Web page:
Posted on | July 5, 2009 | No Comments
- “…people are looking for responsible luxury.” From a July 4 Los Angeles Times roundup of fashionable private swimming pools
- “Many of us think the situation is even more dire.” Jet Propulsion Laboratory climatologist William Patzert on the White House Climate Change report
- “Several secret bills are set to emerge this week to cover some contentious water issues, including governance of the bay-delta region, water conservation, new dams and an updated proposal for a peripheral canal, which was overwhelmingly rejected by California voters in 1982.” San Francisco Chronicle
- “The public will have less than a week to find out what bills will be in the package, what they will do, and who will pay for it.” Dan Bacher of Fishsniffer via Aquafornia
- “Don’t run out and buy an umbrella just yet.” Riverside Press-Enterprise on rumors of an El Nino
- Three oft-repeated falsehoods: 1. Farmers on the west side of the San Joaquin Valley are receiving ‘just 10 percent of their allocation this year.’ 2. Water shortages are causing massive new farm unemployment. 3. Farmers are bearing disproportional impacts of water shortfalls because of court rulings in favor of fish. Peter Gleick, President of the Pacific Institute
- “Tucson Water’s longtime duck mascot Pete the Beak takes his younger friends on a coloring and activity adventure as they learn more about Tucson’s water and conservation … Because of budget cuts, the book is only available online.”
- “Kansas has been very diligent pursuing this matter for a couple of decades, so I think you can expect us to continue.” David Barfield, Kansas’ chief water official on receiving a $10,000 award rather than the $72 million initially sought in a suit against Nebraska.
- “It is the end of the beginning.” Central Utah Water Conservancy District’s government affairs director Christine Finlinson on the plan to rehabilitate Lake Utah
- “Despite all of the rhetoric, news stories, name-calling, yelling, and screaming, Californians have very little clue about what a real water crisis looks like.” Peter Gleick, President of the Pacific Institute. (Clue: photo, right.)
- “Fearing the main canal carrying drinking water to millions of Southern Californians is sinking again, water officials are monitoring the effects of incessant agricultural pumping from the aquifer that runs under the aqueduct. Their concern is that the canal, which has sunk six feet in places during California dry spells, will buckle enough to slow delivery of water to parched points south…”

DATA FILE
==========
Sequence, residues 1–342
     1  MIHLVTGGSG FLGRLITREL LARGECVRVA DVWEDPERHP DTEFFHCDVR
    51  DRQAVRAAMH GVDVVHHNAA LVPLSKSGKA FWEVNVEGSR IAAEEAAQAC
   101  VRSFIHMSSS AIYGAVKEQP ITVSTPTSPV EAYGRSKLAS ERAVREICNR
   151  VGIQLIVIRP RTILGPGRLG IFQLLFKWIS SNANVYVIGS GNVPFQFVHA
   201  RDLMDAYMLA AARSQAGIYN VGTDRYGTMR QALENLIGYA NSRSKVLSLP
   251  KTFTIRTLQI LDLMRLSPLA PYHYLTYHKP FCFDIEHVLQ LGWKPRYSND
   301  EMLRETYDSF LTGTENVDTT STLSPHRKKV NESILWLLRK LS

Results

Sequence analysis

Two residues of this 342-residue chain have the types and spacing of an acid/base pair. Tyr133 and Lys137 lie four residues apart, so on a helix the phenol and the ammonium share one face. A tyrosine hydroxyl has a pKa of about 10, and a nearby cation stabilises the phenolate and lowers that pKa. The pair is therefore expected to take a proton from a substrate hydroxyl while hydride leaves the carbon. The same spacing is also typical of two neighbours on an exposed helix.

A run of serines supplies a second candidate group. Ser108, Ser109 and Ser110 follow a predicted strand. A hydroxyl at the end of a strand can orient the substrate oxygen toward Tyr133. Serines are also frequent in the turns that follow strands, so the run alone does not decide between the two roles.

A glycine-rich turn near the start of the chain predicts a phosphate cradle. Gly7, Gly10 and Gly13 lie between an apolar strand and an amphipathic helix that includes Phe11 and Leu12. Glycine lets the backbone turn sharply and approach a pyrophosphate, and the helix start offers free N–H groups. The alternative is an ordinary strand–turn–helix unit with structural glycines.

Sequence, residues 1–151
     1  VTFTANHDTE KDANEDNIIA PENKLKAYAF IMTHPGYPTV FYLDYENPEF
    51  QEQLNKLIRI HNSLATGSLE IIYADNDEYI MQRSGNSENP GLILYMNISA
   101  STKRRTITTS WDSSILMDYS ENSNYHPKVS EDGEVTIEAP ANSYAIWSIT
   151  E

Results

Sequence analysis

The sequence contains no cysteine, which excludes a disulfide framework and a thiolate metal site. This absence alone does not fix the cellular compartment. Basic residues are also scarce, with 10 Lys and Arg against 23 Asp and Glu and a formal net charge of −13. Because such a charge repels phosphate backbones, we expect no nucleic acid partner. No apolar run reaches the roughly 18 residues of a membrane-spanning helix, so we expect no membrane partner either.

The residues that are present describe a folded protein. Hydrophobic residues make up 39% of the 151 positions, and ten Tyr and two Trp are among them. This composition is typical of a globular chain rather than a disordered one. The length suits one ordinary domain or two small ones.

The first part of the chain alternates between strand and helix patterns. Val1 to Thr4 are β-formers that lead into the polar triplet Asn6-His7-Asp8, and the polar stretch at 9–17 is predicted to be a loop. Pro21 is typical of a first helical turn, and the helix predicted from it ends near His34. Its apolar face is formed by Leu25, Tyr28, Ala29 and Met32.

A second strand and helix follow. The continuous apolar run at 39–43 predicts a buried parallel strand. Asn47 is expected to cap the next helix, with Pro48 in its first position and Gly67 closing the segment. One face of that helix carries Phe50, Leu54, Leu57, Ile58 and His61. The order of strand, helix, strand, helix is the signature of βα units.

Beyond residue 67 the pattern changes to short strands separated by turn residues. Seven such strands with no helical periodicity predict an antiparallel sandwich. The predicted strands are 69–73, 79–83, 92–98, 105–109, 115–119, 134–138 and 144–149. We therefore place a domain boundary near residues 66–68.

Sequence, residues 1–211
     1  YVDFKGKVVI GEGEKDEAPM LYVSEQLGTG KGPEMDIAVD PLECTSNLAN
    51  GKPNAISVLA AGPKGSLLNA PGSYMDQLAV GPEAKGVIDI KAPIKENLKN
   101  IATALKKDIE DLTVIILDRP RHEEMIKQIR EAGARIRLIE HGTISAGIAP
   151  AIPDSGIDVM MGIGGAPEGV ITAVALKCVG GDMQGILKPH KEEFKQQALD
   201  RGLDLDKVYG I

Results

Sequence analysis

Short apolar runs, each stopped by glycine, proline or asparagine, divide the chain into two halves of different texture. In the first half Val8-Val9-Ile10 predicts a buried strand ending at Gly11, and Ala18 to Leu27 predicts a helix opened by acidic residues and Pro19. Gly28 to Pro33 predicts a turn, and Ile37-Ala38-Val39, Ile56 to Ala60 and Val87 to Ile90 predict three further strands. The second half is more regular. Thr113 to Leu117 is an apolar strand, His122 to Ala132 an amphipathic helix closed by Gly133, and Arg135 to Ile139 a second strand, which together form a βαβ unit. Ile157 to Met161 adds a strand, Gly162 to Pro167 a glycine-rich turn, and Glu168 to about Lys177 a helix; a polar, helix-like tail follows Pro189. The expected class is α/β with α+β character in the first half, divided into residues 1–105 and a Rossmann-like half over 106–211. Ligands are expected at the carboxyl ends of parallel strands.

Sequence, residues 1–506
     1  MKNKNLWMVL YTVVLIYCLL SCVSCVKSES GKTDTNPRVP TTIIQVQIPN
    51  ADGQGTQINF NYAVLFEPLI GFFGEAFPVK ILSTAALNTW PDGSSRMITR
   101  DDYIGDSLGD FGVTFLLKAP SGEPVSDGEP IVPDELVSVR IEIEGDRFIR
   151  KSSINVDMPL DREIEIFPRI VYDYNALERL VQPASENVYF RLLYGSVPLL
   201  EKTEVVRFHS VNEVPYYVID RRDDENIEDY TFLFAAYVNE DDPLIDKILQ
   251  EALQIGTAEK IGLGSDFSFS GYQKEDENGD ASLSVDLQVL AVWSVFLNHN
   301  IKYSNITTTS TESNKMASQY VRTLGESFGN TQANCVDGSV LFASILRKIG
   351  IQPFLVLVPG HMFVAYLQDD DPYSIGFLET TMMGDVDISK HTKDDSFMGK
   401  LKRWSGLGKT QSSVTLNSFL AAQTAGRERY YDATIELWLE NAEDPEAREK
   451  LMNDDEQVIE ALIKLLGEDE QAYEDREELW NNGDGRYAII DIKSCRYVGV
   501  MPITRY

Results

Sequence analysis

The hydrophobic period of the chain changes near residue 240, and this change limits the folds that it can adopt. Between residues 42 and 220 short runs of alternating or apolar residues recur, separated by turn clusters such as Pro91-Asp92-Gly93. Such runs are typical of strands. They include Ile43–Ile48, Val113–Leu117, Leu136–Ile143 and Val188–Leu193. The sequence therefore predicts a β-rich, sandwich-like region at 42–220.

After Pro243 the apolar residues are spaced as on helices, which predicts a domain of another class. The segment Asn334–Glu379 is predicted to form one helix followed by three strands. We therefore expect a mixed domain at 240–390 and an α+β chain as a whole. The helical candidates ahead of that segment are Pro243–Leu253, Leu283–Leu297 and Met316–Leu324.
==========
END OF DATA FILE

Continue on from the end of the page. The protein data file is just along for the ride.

- “The lesson from this,” Professor Parenteau said, “is to do everything you can to keep environmental cases out of this court.” From a New York Times review of the environmental record of the last term of the U.S. Supreme Court
- The Bay Delta Conservation Plan “appears to be the most complex of its kind ever undertaken …By 2006, a deal was struck to try to strike a habitat conservation plan deal … Water users, regulators and environmentalists were scheduled to have the outline of an all-important key ‘conservation strategy’ by the beginning of this year. Then it was supposed to be done this week. It is now is supposed to be done by the end of July.” Contra Costa Times writer Mike Taugher explaining how the Bay-Delta Conservation Plan would work, if it can work
- “If evidence exists of corruption at Imperial Irrigation District, it has not been shared with the district.” IID response to a critical grand jury report
- “I think this year we will not be able to achieve our mission.” Maureen Stapleton, general manager of the San Diego County Water Authority
- “It would be a relatively simple matter to direct Walker River water to the existing aqueduct system serving the greater Los Angeles area, which could be traded for better right on the Colorado River for Las Vegas.” Nevada Department of Agriculture Director Tony Lesperance
Click on highlighted text for link to source.
*This post was updated on July 6 to include the Los Angeles Times pool article and William Patzert’s remark about climate change.